Major Russian missile barrage targeted entire Ukraine: NPR

Three Russian rockets launched against Ukraine from Russia’s Belgorod region are seen late Thursday, March 9, 2023, in Kharkiv, Ukraine.

Vadim Belikov/AP

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Vadim Belikov/AP

Three Russian rockets launched against Ukraine from Russia’s Belgorod region are seen late Thursday, March 9, 2023, in Kharkiv, Ukraine.

Vadim Belikov/AP

KYIV, Ukraine — Russia launched a “massive rocket attack” on critical infrastructure and residential buildings in 10 regions of Ukraine, the country’s president said on Thursday, as authorities came down short in the biggest such nighttime attack in three weeks. At least six deaths were reported.

Volodymyr Zelensky described the barrage as an attempt by Moscow to “intimidate Ukrainians again”.

“The occupiers can only terrorize civilians. That’s all they can do,” Zelensky said in an online statement.

The war largely led to a stalemate on the battlefield during the winter. The Kremlin’s military began targeting Ukraine’s electricity supply last October in an apparent attempt to demoralize the civilian population. The barrage subsequently became less frequent, with analysts estimating that Russia may be running low on ammunition. The last heavy barrage took place on 16 February.

The latest attack left nearly half of consumers in Kiev without heating, with temperatures around 9 degrees Celsius (48 Fahrenheit) amid a spring thaw.

In southern Ukraine, the Zaporizhzhya nuclear power plant, which is occupied by the Russian military, lost power as a result of missile attacks, according to nuclear state operator Energoatom.

Energoatom said it was the sixth time the plant has been in blackout since it was taken over by Russia months ago, forcing it to rely on 18 diesel generators that power the station for 10 days. Could Nuclear plants require constant power to run cooling systems and avoid meltdowns.

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“The countdown has begun,” said Energoatom.

Air raid sirens rang out throughout Ukraine throughout the night, including in the capital Kiev, where explosions rocked two western neighborhoods of the city. Defense systems were activated across the country.

In total, Russia launched 81 missiles and eight explosive Martyr drones, according to Valery Zaluzny, chief commander of the Armed Forces of Ukraine. He said 34 cruise missiles and four drones were intercepted.

Viktor Bukhta, a 57-year-old resident of a damaged residential building in Kiev’s Svyatoshinsky district, where officials said three people were injured and apartment windows were shattered, said a missile hit nearby at around 6.45 p.m.

“We went to the yard. People were injured, they helped, first aid kits were handed out from the cars,” he told The Associated Press. “Then the cars caught fire. We tried to put them out with fire extinguishers. And I got a little burnt.”

Kiev’s city administration said the capital was attacked with both missiles and drones that exploded. Many were intercepted but its power structure was affected.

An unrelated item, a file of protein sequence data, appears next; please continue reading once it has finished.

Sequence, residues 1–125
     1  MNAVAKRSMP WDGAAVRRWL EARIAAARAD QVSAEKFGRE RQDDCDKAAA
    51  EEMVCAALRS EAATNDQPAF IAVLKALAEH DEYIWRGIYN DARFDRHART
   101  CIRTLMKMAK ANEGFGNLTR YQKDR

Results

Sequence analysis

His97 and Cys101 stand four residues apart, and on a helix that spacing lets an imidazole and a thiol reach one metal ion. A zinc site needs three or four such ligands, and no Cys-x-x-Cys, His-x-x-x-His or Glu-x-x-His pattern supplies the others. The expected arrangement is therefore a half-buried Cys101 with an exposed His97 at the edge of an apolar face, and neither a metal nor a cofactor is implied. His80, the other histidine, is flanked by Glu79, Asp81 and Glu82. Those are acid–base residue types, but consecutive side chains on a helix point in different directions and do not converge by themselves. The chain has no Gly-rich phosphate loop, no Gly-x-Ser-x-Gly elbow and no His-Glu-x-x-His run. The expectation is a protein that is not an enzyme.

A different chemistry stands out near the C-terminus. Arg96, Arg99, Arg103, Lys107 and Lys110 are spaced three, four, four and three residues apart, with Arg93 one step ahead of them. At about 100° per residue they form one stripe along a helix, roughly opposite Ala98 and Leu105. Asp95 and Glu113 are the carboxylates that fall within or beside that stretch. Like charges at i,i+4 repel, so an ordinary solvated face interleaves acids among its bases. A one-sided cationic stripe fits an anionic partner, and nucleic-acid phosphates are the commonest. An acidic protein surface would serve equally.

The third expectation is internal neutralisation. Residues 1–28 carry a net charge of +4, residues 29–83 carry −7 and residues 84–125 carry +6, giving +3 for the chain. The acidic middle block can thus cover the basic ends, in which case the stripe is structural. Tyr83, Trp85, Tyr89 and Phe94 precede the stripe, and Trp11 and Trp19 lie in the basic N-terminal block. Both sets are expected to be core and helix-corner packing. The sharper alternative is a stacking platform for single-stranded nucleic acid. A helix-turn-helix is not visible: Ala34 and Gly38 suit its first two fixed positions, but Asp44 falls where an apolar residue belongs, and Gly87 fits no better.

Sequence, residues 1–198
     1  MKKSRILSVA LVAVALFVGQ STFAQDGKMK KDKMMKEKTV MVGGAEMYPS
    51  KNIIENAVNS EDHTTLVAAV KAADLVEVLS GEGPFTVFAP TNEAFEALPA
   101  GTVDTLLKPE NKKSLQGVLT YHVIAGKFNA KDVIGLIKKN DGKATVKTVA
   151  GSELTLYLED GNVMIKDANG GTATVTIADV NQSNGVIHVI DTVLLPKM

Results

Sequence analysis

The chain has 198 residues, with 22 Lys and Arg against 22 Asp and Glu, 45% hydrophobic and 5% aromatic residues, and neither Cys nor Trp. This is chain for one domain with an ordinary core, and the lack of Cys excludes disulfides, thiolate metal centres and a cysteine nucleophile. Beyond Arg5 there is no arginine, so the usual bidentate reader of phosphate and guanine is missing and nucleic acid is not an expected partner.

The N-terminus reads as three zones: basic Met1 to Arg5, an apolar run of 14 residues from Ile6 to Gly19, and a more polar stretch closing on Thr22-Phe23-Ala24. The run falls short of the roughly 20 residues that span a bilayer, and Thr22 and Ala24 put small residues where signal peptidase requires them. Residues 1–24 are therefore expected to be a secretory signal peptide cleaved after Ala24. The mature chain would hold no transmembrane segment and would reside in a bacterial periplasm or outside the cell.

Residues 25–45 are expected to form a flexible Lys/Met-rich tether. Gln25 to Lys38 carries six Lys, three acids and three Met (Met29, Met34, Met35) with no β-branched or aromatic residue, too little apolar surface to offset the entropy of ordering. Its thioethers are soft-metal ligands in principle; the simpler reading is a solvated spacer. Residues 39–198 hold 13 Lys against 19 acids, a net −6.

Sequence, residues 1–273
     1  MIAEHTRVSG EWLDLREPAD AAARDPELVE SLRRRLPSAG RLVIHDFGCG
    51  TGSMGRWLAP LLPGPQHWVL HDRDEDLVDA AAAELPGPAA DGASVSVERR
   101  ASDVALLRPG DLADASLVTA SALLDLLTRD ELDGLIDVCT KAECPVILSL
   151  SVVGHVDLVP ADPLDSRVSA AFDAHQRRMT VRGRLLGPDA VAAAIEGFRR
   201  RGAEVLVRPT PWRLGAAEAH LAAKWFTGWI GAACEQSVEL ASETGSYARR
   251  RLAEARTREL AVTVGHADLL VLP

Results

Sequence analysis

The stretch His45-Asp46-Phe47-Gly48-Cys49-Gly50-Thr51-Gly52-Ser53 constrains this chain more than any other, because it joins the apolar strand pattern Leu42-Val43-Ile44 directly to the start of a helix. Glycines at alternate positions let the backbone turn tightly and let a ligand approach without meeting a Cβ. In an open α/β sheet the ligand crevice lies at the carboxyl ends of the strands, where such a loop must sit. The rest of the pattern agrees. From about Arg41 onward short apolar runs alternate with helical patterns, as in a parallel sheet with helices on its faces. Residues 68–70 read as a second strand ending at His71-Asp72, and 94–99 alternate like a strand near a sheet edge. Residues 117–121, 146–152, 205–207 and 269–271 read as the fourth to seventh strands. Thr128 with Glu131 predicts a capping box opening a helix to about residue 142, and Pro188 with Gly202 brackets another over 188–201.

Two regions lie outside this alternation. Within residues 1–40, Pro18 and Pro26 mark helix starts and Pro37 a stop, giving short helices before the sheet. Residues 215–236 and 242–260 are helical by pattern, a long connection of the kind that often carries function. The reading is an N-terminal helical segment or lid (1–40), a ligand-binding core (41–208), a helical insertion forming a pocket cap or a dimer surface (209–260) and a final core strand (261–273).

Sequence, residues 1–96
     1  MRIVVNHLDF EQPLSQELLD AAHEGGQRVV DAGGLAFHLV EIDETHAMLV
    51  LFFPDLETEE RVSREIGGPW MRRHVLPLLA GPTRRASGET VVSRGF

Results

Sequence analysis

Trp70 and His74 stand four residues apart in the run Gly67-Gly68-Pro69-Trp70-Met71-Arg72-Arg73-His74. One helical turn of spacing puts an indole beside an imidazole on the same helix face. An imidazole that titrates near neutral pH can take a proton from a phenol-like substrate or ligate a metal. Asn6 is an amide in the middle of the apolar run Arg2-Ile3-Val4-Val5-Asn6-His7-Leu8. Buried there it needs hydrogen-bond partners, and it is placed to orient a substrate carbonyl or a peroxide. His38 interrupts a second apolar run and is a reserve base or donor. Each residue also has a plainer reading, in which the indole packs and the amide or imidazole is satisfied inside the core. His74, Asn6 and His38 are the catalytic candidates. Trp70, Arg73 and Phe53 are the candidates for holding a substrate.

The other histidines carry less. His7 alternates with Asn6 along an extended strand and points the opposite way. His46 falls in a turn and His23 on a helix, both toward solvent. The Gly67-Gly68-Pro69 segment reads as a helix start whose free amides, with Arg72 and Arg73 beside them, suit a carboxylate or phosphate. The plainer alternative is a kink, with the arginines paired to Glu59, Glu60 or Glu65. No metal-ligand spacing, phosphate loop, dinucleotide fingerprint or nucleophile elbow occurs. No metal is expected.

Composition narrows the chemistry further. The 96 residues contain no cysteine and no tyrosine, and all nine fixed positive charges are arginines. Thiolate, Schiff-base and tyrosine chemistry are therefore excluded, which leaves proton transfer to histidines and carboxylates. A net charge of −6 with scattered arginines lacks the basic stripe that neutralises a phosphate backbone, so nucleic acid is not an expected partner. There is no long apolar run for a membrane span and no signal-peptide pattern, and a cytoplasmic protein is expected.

Smoke could be seen billowing from a factory in Kiev’s Holosivsky district and police have closed all roads leading to it.

The alarm in Kiev was lifted shortly before 8 a.m., and the air raid sirens fell silent after some seven hours.

Private power operator DTEK said three of its power stations were hit. There were no casualties, but the company said equipment was severely damaged.

Mayor Ihor Terekhov told Ukraine’s public broadcaster that Ukraine’s second-largest city, Kharkiv, was left without running water and heating after 15 missiles hit the area.

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Terekhov said the power outage also disrupted mobile communications and public transport in the city, as all trams and trolleybuses came to a halt.

Lviv Gov. Maxim Kojitsky said five people were killed in a missile attack on a residential area in the Lviv region. He said three buildings were destroyed by the fire and rescuers were searching through the rubble for more possible victims.

Governor Serhiy Lysak said a sixth person was killed and two others wounded in the Dnipropetrovsk region in a series of attacks that targeted its energy infrastructure and industrial facilities.

In the south, Odessa Governor Maxim Marchenko said residential buildings were affected and several power lines were damaged in attacks in his area. He said six missiles and a drone were shot down.

Ukraine’s Energy Minister Herman Halushchenko condemned the missile strikes as “another barbaric large-scale attack on Ukraine’s energy infrastructure”, saying in a Facebook post that Kiev, Mykolaiv, Kharkiv, Zaporizhia, Odessa, Dnipropetrovsk and Zhytomyr The facilities were targeted in the areas.

Ukrainian Railways reported power cuts in some areas, with 15 trains running late.

Supplier DTEK said preventive emergency power cuts had been implemented in the Kiev, Dnipropetrovsk, Donetsk and Odessa regions. Klitschko said that 40% of consumers in Kiev were without heating due to emergency power cuts. He said that the water supply is disrupted.

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